Legal or Illegal, Fireworks Are More Available Than Ever

Widespread demand, scofflawry, and loosening laws are making firecrackers, fountains, and bottle rockets easier to get.


Steve Mantell/

One of my fonder childhood memories involves igniting a small batch of home-brewed gunpowder on the windowsill in my bedroom. I had vague plans for making my own firecrackers, or cherry bombs, or maybe a cannon—something that would go BOOM anyway. The stuff worked, though not quite so spectacularly as I'd hoped—fortunately.

Also fortunate is that such DIY efforts are often unnecessary in a country where many states feature booming markets in fireworks for such traditional celebrations as Independence Day. Even better, state fireworks laws have long been as fractured and diverse as Americans themselves are now, guaranteeing that, even if your own chosen address is a bit restrictive when it comes to matters pyrotechnic, a border near you likely offers legal refuge to a variety of loud and flammable goods. Even Americans suffering under the rule of fireworks killjoys often have the means to duck across the state line to acquire something pleasingly pyromaniacal, albeit illegal at home.

Here in Arizona, under pressure from residents who were tiring of driving elsewhere to make their purchases, in 2014 the legislature required the overcrowded hives cities of Maricopa and Pima counties to loosen up a bit and allow the sale and use of a limited range of consumer fireworks—at least at designated times during the year. That means that from May 20-July 6, and from December 10-January 3, you can purchase fireworks including "cylindrical and cone fountains, illuminating torches, wheels, ground spinners, flitter sparklers, ground sparkling devices," as the Phoenix Fire Department details. Allowed all the time are "novelty items" like snappers, poppers, sparklers, and the like. Forbidden all the time are things that shoot into the air, like bottle rockets and roman candles, and items that actually explode, like firecrackers—you know, the fun stuff.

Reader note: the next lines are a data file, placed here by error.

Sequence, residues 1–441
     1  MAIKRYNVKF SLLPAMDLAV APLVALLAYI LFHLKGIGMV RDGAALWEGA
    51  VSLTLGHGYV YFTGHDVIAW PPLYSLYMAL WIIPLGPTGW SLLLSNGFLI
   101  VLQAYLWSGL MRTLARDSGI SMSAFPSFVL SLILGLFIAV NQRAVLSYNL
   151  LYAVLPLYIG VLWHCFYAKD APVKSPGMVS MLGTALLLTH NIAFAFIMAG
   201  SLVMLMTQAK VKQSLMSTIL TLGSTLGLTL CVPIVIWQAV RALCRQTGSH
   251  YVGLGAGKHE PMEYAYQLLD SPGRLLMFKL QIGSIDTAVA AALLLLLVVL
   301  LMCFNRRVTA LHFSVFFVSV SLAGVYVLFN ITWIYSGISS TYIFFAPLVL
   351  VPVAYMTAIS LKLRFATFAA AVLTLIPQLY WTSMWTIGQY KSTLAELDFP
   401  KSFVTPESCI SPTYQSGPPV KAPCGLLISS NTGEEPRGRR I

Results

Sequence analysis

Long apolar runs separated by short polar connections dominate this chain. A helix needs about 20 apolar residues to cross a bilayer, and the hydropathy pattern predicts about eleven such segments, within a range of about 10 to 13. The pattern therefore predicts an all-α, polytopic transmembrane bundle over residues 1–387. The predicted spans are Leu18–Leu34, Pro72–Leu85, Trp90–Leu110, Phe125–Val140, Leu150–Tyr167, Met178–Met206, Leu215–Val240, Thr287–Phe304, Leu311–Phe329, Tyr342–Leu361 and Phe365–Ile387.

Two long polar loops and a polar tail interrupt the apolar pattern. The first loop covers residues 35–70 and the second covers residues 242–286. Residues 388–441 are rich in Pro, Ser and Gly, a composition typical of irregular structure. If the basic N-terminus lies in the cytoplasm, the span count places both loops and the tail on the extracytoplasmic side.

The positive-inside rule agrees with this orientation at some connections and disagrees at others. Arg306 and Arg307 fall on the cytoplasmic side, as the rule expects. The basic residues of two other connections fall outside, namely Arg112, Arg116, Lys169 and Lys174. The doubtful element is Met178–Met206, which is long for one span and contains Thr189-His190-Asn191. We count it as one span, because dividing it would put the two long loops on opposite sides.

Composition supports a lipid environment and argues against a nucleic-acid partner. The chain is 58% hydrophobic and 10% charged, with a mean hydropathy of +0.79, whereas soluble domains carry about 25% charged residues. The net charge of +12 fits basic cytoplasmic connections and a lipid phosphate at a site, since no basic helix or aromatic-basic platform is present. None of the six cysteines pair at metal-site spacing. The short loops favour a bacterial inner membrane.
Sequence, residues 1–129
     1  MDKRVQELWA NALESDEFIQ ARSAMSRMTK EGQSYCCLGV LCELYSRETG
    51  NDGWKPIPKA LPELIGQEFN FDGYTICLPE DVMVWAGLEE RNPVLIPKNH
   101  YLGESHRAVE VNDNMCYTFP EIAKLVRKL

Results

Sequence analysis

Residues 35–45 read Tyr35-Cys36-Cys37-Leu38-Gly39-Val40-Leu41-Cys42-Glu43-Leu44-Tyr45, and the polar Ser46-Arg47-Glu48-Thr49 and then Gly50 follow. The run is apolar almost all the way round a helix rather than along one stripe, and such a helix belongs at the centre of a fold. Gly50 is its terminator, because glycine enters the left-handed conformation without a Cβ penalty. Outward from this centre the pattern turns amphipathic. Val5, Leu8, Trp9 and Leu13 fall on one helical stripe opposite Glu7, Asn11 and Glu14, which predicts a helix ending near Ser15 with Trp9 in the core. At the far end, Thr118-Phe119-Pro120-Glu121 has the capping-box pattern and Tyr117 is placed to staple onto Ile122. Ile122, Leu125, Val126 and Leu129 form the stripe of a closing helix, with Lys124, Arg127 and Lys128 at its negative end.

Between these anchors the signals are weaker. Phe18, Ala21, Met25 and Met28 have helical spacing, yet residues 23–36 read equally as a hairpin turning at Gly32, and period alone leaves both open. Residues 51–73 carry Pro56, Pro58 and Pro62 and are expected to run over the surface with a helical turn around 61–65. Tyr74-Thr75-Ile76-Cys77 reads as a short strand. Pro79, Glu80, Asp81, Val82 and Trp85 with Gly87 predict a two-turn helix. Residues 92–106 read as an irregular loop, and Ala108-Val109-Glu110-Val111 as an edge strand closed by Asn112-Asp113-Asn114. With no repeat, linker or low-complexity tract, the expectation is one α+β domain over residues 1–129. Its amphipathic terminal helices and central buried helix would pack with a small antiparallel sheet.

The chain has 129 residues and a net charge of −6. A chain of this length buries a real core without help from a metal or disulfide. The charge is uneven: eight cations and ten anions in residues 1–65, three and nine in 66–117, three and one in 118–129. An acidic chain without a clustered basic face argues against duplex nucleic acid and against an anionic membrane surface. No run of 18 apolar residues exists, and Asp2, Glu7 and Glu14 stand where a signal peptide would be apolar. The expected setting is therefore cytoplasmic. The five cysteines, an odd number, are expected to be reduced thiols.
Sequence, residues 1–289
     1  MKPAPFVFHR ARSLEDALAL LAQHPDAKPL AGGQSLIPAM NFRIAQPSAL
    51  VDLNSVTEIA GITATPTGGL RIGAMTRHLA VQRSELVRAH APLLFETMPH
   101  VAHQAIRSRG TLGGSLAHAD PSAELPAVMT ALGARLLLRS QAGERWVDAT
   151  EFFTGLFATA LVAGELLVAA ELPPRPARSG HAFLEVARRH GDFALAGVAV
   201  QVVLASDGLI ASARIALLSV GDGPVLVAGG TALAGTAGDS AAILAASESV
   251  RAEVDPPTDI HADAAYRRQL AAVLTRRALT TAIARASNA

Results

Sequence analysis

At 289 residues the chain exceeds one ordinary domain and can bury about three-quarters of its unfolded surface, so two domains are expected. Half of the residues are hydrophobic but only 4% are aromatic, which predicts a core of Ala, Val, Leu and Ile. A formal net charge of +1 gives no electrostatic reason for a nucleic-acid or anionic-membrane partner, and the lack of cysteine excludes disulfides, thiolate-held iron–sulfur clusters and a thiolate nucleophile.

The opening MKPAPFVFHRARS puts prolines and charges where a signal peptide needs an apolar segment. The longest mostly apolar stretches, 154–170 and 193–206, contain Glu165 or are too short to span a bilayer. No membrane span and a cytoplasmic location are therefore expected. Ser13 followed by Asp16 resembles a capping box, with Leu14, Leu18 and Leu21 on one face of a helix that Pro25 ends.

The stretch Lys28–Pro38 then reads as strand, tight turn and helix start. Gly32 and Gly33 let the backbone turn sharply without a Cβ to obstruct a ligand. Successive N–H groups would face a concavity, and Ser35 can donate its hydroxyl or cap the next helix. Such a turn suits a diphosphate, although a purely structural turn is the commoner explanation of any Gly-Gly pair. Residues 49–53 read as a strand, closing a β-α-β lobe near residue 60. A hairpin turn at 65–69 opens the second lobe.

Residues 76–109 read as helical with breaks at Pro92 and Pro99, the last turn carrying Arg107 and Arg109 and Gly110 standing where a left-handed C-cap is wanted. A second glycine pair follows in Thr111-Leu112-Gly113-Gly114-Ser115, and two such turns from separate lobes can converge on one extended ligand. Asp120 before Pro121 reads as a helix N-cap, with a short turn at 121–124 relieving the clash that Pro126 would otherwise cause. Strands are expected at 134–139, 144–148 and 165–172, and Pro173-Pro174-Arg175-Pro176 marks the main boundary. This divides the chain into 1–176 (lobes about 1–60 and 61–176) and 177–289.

But hey, loosening is loosening.

Arizona isn't the only state to lay off fireworks restrictions. Last year, Scientific American noted a growing trend toward easing rules. "Since the year 2000, 15 states have liberalized their fireworks laws." The end of restrictions in many places has been met with both growing demand and dropping prices, as manufacturers (many in China) step in to satisfy the appetite for flame and noise.

Care to do some shopping? The American Pyrotechnics Association maintains a handy online directory of ever-evolving state laws, so you know how far you'll need to drive to find your desired goods.

Why the trend toward loosening laws? Well, because people obviously enjoy playing with fireworks, and they don't allow lawmakers to thwart that taste for fun. Across the country, pop-up stands with packed parking lots, just across the border from restrictive states, are a common sight.